National Geographic : 1957 Dec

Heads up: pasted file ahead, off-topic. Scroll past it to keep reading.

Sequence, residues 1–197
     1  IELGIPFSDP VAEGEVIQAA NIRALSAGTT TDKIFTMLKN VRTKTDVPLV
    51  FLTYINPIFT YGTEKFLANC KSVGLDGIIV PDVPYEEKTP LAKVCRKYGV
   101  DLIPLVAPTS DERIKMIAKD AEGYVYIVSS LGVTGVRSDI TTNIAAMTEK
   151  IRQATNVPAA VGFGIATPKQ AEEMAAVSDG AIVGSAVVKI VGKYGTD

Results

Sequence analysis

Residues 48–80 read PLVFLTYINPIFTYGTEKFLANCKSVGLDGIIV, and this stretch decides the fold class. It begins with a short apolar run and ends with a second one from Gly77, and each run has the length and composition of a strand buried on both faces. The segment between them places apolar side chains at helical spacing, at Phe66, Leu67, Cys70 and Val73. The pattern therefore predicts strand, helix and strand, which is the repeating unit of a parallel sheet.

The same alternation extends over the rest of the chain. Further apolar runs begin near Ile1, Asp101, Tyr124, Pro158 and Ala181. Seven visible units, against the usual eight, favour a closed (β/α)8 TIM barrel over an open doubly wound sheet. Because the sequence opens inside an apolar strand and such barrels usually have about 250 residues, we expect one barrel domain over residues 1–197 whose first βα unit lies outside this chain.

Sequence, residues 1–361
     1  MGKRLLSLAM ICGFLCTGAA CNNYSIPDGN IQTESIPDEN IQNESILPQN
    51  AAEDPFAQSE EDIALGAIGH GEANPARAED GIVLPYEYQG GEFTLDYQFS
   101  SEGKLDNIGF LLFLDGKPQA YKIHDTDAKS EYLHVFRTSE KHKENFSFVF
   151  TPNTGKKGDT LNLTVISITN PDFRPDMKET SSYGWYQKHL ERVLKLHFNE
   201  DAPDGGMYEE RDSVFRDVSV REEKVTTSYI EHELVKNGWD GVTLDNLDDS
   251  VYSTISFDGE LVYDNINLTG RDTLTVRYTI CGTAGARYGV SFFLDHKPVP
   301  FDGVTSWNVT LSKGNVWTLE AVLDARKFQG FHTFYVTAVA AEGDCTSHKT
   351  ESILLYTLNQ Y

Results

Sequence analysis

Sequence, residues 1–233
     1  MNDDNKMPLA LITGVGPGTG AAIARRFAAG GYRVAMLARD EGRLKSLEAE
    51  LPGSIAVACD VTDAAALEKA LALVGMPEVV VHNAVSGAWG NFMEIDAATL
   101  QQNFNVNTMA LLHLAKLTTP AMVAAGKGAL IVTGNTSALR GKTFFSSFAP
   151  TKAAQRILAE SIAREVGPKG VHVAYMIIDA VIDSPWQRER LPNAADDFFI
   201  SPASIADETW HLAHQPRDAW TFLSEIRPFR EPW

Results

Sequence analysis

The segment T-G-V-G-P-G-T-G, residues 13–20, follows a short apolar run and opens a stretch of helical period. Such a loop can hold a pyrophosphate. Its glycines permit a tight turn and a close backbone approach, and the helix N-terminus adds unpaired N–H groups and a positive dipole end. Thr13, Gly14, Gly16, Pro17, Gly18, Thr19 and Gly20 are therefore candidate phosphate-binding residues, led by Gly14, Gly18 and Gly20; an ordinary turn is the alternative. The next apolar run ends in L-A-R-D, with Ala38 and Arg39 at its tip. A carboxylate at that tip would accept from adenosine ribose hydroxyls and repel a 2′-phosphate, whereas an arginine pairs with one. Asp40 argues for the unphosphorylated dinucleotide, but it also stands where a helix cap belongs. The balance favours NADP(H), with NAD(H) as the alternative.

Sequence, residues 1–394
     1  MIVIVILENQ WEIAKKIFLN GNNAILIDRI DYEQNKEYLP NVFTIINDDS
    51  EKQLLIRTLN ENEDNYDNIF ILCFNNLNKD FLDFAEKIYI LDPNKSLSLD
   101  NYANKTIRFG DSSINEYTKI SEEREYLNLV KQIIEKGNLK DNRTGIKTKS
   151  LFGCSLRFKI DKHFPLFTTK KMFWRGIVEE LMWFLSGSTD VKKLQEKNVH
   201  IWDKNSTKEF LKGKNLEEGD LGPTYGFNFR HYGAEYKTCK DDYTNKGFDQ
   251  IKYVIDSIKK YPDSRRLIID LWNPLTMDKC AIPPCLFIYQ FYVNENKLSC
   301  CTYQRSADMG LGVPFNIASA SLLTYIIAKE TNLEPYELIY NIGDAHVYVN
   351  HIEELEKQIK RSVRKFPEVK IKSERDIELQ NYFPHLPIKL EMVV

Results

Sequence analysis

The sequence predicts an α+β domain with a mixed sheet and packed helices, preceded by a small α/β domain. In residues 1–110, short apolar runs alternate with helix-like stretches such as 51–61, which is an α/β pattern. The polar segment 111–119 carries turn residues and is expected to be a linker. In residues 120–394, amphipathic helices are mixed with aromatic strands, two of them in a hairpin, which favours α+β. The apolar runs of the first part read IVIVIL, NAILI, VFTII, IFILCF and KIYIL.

leaving the other bare (page 843). Their bag gage is strapped on the backs of donkeys, and the men carry spears, bows, and throwing SY IA sticks. One carries a lyre, indicating that music was popular among the nomads. Still another Egyptian source, an adven ture story of 39 centuries ago, offers us a fascinating glimpse into the patriarchal way of life during this period. A courtier named Sinuhe had to flee Egypt and took refuge "in the East" with a chieftain much like Abra- Tripoli ham or Jacob. "It was a good land," wrote Sinuhe. "Figs Med erraUe were in it, and grapes. It had more wine Sea than water. Plentiful was its honey, abundant S its olives. Every [kind of] fruit was on its trees. Barley was there, and emmer. There was no limit to any [kind of] cattle.... Beirut , Bread was made for me as daily fare, wine as daily provision, cooked meat and roast Historicalnames are shown fowl, beside the wild beasts of the desert, in this type:Philistia for they hunted for me and laid before me, Sidon beside the catch of my [own] hounds." 'i/ , Genesis offers only one detailed life his tory of a Hebrew patriarch-the story of Joseph. The favorite son of Jacob, Joseph Tyr was sold into slavery by his jealous brothers O and taken to Egypt. There he found favor with the Pharaoh, rose to become prime min- o ister, and later saved his family from the ravages of a Palestinian famine (page 837). .. Haif , Sea of Galilee Slaves Often Became Court Favorites t. 192 ."abor The authenticity of the Egyptian local Plain ofEsdr elon of Moreh color in the story of Joseph has been corrob- Megiddq alley ofJezreel orated to a startling degree by archeological I 163 t.lboa evidence. For example, Joseph's first success "" I' in Egypt came when Potiphar, the captain of ISRAEL t the guard, made him "overseer over his house." . hechem ' Egyptian records show that such an office . F actually did exist in the houses of great nobles. Jafa a Two other titles mentioned in Genesis, "chief Aaa-elv of the butlers" and "chief of the bakers," / ete also occur in Egyptian inscriptions. Geer \ Furthermore, a study of ancient Egyptian/ Ju -eadS officials reveals that it was not uncommon for Ashkelon/ . t<L em found inca slaves to become court favorites and rise to . f 838 Gaz ^ Lachish 838 / ormah ? Debir Moa Said (ormaA? Sid '/ Beersheba. - , Mount of R ("Jebel s Traditional roue ,' of the Exodus, E Awa law lle EG ods I / Tor an iri en EGYPT watercoe OS@hen 0o h 0o, Khirbet ya @ Anc JohnLoths des Nahas .. a .